The treatment of MC lesions investigated in this study was highly effective. The liquid dye used in pulsed dye laser is expensive, however, and needs to be exchanged after a certain period of time. The authors are therefore not suggesting that a clinic should purchase a pulsed dye laser simply for the treatment of MC, but are suggesting such treatment as another string to the bow of pulsed dye lasers already being used in a clinic. Bearing this in mind, it is always necessary to consider the economical and efficient use of laser treatment, including pulsed dye laser treatment, not only from the viewpoint of cosmetic indications but also from the viewpoint of dermatological applications.


References
1:. Niizeki K,Kano O,Kondo Y. (Year: 1984): An epidemic of Molluscum contagiosum; relationship to swimming. Dermatologica, 169: 197-1986500123
2:. Pauly CR,Artis WM,Jones HE. (Year: 1978): Atopic dermatitis, impaired cellular immunity, and molluscum contagiosum. Arch Dermatol, 114: 391-393629575
3:. Hellier FF. (Year: 1971): Profuse mollusca contagiosa of the face induced by corticosteroids. Br J DermatolYear: 1971; 85: 3985125643
4:. Porter CD,Blake NW,Archard LC. (Year: 1989): Molluscum contagiosum virus types in genital and non-genital lesions. Br J Dermatol, 120: 37-402638915
5:. Epstein E. (Year: 2001): Molluscum contagiosum. In Common Skin Disorders 2001; 114W.B. Saunders Company, Philadelphia
6:. Smit JM,Bauland CG,Wijnberg DS,Spauwen PH. : (Year: 2005): Pulsed dye laser treatment, a review ofindications and outcome based on published trials. Br J Plast Surg, 58: 981-98716039628
7:. Omi T,Kawana S,Sato S,et al. (Year: 2003): Ultrastructural changes elicited by a non- ablative wrinkle reduction laser. Lasers Surg Med, 32: 46-4912516070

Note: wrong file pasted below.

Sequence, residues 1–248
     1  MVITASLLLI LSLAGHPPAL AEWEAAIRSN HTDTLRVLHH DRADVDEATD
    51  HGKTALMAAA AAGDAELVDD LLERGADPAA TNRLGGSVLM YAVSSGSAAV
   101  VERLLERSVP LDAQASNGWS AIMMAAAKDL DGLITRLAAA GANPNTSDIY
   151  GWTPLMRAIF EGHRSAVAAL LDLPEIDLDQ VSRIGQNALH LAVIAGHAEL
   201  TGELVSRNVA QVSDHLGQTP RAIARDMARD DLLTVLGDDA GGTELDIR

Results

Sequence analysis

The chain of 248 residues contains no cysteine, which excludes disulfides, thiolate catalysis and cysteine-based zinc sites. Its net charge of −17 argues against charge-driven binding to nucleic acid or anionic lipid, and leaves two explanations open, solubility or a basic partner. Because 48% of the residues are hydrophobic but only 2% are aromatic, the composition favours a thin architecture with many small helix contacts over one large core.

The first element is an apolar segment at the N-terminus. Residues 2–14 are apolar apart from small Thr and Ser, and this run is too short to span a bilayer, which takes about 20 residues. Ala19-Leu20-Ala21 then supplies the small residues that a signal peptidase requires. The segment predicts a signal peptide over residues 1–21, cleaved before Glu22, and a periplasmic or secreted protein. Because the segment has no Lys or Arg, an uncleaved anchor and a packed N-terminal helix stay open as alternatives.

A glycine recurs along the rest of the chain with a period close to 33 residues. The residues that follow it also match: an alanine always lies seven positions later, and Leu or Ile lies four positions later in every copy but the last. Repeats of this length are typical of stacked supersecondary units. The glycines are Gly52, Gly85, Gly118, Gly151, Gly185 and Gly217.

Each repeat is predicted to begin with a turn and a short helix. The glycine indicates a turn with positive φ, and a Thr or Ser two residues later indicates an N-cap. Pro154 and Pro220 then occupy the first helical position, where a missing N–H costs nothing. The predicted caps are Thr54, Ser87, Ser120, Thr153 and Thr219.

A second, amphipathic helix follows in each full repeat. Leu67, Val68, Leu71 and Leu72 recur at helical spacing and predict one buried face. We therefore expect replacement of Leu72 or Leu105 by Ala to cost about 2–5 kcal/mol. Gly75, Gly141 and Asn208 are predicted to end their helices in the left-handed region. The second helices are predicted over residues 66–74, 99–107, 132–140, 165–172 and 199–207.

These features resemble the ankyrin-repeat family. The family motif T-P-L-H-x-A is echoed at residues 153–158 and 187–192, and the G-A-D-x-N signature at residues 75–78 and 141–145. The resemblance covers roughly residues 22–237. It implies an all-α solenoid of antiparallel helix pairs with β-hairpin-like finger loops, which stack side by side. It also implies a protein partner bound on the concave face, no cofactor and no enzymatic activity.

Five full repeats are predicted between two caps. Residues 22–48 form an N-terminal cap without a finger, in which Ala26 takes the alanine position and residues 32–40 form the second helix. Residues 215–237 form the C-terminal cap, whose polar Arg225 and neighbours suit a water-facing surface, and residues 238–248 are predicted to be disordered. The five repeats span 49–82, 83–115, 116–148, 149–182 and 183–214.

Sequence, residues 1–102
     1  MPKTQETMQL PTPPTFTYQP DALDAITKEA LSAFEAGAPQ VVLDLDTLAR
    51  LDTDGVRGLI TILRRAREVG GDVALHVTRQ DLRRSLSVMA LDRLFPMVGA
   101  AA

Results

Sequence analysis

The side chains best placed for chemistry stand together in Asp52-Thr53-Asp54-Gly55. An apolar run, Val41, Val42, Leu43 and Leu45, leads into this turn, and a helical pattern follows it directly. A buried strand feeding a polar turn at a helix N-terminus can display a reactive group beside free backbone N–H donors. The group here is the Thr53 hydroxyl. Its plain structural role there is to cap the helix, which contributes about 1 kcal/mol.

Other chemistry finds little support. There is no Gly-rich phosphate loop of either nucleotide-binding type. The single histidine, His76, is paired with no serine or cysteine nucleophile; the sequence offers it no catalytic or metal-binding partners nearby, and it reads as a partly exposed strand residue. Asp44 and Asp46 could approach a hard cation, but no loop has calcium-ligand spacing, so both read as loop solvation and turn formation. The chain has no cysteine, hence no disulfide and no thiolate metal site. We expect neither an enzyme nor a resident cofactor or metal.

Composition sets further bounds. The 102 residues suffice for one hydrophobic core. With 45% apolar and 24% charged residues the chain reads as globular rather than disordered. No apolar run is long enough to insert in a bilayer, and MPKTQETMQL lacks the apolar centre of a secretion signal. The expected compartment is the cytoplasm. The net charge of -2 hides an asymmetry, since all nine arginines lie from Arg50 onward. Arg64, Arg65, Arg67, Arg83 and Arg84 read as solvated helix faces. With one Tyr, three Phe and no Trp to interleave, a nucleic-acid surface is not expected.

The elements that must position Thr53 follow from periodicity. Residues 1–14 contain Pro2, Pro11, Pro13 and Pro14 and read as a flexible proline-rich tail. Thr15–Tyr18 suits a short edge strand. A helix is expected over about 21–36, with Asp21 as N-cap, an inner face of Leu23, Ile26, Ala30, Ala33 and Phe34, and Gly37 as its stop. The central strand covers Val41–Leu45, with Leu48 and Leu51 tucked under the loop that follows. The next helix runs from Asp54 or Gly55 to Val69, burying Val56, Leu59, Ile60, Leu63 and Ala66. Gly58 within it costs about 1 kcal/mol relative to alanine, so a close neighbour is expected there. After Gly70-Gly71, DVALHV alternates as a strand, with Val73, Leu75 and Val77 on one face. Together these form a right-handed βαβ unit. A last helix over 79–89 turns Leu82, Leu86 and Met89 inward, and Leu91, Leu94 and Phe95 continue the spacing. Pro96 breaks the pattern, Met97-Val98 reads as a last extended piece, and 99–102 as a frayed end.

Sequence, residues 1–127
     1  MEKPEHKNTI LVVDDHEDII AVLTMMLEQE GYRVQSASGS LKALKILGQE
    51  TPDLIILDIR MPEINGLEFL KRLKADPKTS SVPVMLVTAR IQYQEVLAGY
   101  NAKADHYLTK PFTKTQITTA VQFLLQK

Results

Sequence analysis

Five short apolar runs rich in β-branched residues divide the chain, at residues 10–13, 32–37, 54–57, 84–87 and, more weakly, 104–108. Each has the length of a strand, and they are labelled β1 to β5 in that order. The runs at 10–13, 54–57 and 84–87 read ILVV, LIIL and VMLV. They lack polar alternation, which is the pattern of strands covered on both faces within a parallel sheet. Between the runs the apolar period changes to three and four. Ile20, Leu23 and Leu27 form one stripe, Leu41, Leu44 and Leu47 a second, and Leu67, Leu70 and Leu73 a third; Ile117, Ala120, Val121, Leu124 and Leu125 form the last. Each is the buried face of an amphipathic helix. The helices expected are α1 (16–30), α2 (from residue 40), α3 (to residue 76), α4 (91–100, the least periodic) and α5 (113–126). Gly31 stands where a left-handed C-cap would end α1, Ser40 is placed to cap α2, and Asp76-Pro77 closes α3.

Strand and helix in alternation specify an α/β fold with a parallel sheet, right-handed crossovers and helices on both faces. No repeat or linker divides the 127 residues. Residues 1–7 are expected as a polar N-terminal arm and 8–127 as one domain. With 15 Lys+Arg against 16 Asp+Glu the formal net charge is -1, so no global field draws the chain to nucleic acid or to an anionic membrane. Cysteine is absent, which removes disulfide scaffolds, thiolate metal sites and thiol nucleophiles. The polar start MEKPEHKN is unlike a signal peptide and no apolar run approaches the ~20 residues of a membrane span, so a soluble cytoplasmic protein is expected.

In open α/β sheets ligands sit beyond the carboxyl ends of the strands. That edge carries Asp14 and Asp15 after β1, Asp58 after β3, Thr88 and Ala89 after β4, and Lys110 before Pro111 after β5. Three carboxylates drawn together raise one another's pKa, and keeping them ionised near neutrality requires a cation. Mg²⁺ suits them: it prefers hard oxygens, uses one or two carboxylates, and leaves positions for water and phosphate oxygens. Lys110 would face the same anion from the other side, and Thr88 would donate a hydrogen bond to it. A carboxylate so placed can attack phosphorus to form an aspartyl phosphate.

8:. Omi T,Kawana S,Sato S,et al. Cutaneous immunological activation elicited by a low-fluence pulsed dye laser. Br J Dermatol in press
9:. Rochkind S,Kogan G,Luger EG,Salame K,Karp E,Graif M,Weiss J. (Year: 2004): Molecular structure of the bony tissue after experimental trauma to the mandibular region followed by laser therapy. Photomed Laser Surg. 2004; 22: 249-253
10:. Park HS,Choi WS. : (Year: 2008): Pulsed dye laser treatment for viral warts: a study of 120 patients. J Dermatol, 35: 491-49818789068

Figures

[Figure ID: F1]
Figure 1 

A 2-year-old boy at the first examination in the author's clinic, where molluscum contagiosum lesions can be seen mainly in the extremities (forearm only shown), and some lesions showed redness due to scratching.



[Figure ID: F2]
Figure 2 

Same lesions as in Fig 1 immediately after irradiation with the pulsed dye laser, with purpura visible at the irradiation sites.



[Figure ID: F3]
Figure 3 

A magnified image of the same lesions as in Figs 1 & 2 one week after irradiation with very mild pigmentation seen at lesion sites where the purpura has faded, but the molluscum contagiosum lesions have disappeared.



[Figure ID: F4]
Figure 4 

Scatter chart of baseline and 1 week post-PDL treatment for the 15 patients in the presents study. The average number of molluscum contagiosum lesions at baseline was 29.5 but was reduced to 0.3 one week after irradiation, with a residual rate of 1.0% and a cure rate of 99%.



[Figure ID: F5]
Figure 5 

Light absorption in tissue. Tissue chromophores, melanin, hemoglobin and water have wavelength-dependent absorption characteristics over the visible to midinfrared wavebands. The pulsed dye laser has a peak wavelength of 580–590 nm (hatched vertical block in the figure), which is strongly absorbed by hemoglobin.



Article Categories:
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Keywords: Recalcitrant molluscum contagiosum, Poxvirus, Autoinnoculation.